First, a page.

Breastfeeding in Public
The Difficulties of Feeding in Public
Breastfeeding in public is a very sensitive and important topic for mothers.
It is common knowledge (and also supported by all lactation consultants) that nursing mothers should breastfeed approximately every two hours. It's very difficult to be a parent without going out in public - there are always errands to run and people to meet with. A nursing mother who needs to feed her child will inevitability have to feed in public. Frequent feeding prevents painful and possibly serious complications such as plugged ducts, mastitis and insufficient milk supply. It is therefore very distressing that so many mothers meet with resistance when breastfeeding in public.
Some would suggest that a nursing mother express milk and bottle-feed in public rather than feed from her breast. Add the expressing of milk at home to an already full schedule, and you have a recipe for inconvenience and stress. There are so many benefits to breastfeeding: it is more economical, environmentally sound and easier to do in addition to carrying many health advantages for mother and child. It's therefore important for women to seek and offer each other support in public nursing.
Ending a Vicious Cycle
Most women who choose to breastfeed in public meet with resistance. Chalk it up to our culture's sexual taboos. It is important to realize that public breastfeeding taboo stems from the sexual associations attached to breasts.
These associations are learned in Western societies because we grow up seeing scantily clad women flaunted in advertising. These women are depicted as sexual objects meant to attract customers. And thus the vicious cycle begins.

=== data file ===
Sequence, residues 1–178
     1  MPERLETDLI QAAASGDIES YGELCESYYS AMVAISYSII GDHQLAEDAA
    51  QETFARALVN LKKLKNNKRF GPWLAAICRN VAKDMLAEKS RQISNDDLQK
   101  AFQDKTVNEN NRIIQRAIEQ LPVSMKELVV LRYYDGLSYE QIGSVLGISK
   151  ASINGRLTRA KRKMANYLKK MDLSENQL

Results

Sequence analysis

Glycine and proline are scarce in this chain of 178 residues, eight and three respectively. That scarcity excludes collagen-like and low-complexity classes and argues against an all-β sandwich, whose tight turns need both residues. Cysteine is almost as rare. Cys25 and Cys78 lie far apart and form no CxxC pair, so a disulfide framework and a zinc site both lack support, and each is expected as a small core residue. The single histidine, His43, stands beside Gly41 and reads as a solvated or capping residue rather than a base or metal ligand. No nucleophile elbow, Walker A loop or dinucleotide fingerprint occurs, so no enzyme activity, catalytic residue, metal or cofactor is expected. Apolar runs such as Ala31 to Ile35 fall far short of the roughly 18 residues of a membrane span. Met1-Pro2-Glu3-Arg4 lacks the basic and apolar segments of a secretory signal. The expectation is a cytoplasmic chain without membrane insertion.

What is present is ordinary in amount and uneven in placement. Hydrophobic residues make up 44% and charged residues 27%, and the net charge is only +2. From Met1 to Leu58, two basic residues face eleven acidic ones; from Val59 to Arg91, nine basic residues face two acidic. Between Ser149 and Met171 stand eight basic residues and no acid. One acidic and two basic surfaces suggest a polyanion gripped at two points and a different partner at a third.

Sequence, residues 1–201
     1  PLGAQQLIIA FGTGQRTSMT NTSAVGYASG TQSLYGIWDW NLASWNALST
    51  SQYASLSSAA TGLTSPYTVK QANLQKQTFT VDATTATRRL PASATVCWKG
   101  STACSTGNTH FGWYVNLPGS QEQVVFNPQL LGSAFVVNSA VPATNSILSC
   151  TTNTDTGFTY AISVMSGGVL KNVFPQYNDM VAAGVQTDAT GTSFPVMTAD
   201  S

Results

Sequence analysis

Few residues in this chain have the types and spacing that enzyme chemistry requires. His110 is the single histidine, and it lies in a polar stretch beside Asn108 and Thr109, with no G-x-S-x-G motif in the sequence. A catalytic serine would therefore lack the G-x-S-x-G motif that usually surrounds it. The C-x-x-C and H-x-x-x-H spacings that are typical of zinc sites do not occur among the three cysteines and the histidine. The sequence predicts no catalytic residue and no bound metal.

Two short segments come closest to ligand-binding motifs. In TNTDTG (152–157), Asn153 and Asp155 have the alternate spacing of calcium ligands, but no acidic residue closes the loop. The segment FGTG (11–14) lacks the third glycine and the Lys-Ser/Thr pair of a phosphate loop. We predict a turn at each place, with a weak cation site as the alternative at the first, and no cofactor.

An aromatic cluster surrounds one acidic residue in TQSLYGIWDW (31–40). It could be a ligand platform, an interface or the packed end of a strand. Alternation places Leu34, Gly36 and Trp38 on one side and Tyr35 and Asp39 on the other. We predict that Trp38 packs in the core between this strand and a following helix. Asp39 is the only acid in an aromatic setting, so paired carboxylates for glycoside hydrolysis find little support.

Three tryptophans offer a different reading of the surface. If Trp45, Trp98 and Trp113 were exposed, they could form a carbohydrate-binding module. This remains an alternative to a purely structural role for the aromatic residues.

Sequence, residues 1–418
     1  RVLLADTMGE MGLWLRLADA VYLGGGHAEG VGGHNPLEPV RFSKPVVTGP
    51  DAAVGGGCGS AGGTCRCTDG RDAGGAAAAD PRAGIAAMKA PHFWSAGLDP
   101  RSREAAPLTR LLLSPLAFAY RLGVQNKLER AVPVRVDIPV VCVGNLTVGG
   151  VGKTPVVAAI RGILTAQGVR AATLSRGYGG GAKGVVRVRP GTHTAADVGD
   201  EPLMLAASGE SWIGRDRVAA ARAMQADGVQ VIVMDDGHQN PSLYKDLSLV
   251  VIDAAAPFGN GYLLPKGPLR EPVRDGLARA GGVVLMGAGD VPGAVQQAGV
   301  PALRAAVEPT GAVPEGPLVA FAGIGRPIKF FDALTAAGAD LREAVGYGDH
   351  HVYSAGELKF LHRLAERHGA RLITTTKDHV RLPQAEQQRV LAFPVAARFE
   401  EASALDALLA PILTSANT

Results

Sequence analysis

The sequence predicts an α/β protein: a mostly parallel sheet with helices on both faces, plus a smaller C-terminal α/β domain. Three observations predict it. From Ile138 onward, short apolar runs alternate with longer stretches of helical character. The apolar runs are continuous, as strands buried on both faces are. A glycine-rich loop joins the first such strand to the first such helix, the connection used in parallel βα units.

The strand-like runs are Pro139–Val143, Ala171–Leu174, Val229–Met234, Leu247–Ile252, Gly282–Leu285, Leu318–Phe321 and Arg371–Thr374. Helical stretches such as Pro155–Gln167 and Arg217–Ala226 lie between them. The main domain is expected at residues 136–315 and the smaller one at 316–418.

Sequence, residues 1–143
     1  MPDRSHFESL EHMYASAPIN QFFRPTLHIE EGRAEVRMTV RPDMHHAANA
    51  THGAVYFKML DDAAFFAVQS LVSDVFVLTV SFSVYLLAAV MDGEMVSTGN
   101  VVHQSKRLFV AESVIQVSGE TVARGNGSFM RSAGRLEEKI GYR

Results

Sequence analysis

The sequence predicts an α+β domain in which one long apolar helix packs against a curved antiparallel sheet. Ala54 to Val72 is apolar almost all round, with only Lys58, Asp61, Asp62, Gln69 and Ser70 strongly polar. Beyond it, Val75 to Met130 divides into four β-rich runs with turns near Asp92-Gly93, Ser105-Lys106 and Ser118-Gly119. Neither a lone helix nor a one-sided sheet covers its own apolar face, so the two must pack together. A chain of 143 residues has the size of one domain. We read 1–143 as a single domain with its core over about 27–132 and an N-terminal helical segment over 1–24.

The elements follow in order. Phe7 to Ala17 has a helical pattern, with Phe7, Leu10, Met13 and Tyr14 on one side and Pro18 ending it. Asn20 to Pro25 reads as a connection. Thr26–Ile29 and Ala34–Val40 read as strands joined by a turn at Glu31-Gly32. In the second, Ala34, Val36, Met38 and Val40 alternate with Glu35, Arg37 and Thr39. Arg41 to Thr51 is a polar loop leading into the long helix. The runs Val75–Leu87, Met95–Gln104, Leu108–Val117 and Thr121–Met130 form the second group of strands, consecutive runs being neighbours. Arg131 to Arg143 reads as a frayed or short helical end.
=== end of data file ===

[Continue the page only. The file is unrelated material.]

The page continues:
Because breasts are perceived as sexual objects, many women are discouraged from feeding in public. They fear that people will see the motherly instinct of breastfeeding sexually, rather than as an act of nurturing. They are either stared at by "breast men" or given disapproving looks by people who don't understand the nurturing nature of breastfeeding. These mothers in turn feel less comfortable with breastfeeding, and stop breastfeeding in public.
As a result, the idea that breasts are taboo, sexual objects is enforced. This condition is aggravated by advertising that uses airbrushing technology to portray women's breasts as 'perky' or 'perfect.'
All of this creates a society where women are ashamed and unhappy with their breasts. It also takes away an infant's chance to engage in this nurturing act that promotes incredible health benefits!
How do we stop this vicious cycle?
Fighting Breastfeeding Taboos
One way to change our cultural public breastfeeding taboo is to remind the public what breasts are really meant for. Don't be afraid to breastfeed in public. There are many nursing bras and nursing shirts that allow for discreet feeding. You can also use a nursing privacy drape. These drapes are so discreet, they even have a built-in shoulder weight so baby can't pull it down! They also fold easily into a purse or diaper bag.
If you need support, there are many breastfeeding groups that advocate public breastfeeding and offer advice. La Leche league offers helpful information on their website and coordinates breastfeeding support circles in your area. Another advocate of breastfeeding in public is 007 Breast. Their site and advocacy program can be found online.
Breastfeeding in Public Is Your Legal Right
It is legal to breastfeed in public and in fact legislature on the topic of breastfeeding in the US is pretty proactive. Check to see the current status of your state's breastfeeding legislature.
Remember, breastfeeding is good for you, your baby, and for the way in which the female body is viewed and understood. Protect your right and feel free to breastfeed in public.
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